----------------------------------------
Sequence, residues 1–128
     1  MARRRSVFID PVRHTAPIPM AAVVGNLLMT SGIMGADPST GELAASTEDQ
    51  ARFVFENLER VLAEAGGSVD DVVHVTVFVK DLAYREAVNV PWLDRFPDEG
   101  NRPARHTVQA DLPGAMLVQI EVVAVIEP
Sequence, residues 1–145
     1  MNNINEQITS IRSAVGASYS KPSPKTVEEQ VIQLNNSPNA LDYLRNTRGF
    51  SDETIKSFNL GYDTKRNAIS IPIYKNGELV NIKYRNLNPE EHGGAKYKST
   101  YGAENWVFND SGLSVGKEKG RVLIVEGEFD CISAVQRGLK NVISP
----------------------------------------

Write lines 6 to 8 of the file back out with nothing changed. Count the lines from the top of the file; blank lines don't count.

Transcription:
     1  MNNINEQITS IRSAVGASYS KPSPKTVEEQ VIQLNNSPNA LDYLRNTRGF
    51  SDETIKSFNL GYDTKRNAIS IPIYKNGELV NIKYRNLNPE EHGGAKYKST
   101  YGAENWVFND SGLSVGKEKG RVLIVEGEFD CISAVQRGLK NVISP